Day 2 was also light to start but the wind built during the day and the Bay race in the afternoon (which we won) was breezy enough. MAYHEM had a bad day with an 8,5,7 after being over the start line in 2 races. KIA KAHA and WIRED remained consistent, though WIRED was disqualified in one race (which ultimately became their drop). We had a 3,7(our drop) and 1. The 7 was unfortunate and the result of our bow sprit touching TEMPTATION at the bottom mark which required us of course to take penalty turns. In this fleet, that was hard to claw back in a windward-leeward, especially when the legs were only 1.2 NM. However, at the end of the day we were a close second overall to KIA KAHA (and first if you allowed for drops at that point). We were hopeful therefore about our prospects for the third and final day.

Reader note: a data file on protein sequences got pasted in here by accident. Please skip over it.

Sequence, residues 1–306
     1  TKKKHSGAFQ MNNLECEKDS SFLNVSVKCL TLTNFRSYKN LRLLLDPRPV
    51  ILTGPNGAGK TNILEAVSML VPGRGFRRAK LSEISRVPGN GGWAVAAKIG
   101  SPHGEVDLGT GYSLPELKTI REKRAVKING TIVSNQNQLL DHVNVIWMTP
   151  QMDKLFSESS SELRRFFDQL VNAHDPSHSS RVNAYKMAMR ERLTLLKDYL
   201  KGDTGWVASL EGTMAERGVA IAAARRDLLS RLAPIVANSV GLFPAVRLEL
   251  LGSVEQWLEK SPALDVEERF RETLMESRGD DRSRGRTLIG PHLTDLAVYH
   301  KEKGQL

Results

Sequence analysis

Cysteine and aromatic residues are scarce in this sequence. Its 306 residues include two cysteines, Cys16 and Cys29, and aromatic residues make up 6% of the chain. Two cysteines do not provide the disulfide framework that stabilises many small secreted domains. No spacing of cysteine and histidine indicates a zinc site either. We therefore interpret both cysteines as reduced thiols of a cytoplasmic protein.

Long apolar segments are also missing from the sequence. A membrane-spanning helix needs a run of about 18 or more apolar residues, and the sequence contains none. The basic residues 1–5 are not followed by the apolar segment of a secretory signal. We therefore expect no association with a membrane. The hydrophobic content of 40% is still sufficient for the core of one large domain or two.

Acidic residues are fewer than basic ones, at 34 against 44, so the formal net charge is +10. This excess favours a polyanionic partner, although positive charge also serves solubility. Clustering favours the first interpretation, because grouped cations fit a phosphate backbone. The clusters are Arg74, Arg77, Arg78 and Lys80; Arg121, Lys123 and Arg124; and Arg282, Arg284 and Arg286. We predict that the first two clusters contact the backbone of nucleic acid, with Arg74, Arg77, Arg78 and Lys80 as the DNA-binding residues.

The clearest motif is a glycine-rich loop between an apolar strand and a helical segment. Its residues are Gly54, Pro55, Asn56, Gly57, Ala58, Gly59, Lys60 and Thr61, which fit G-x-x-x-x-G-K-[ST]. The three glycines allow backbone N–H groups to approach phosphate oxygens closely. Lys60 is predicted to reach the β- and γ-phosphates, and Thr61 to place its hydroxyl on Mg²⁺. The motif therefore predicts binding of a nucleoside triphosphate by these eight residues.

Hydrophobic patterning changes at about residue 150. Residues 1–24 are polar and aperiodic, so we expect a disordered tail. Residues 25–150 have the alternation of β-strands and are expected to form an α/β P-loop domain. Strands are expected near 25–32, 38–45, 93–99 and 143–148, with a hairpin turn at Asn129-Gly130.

Alas, it was not to be. Two very poor starts gave us a 4,7,7 for the day. KIA KAHA went on the win PHRF from MAYHEM and WIRED. VIENTO was 4th, we were 5th , V5 (which was the oldest boat in the fleet but had a win in one race) 6th, TEMPTATION III 7th and AKATEA 8th.

So back to the drawing board. We felt we were generally on the pace as far as boat speed went though struggling a little in the light against pure 52s (MAYHEM, VIENTO, TEMPTATION III) which are 500 kilos lighter and against KIA KAHA, which has a narrower hull form. We have identified 3 areas where we can make what we think will be significant gains in boat speed and are working on these at present.

Next regatta is the Auckland Regatta put on by the Squadron on 21-22 March.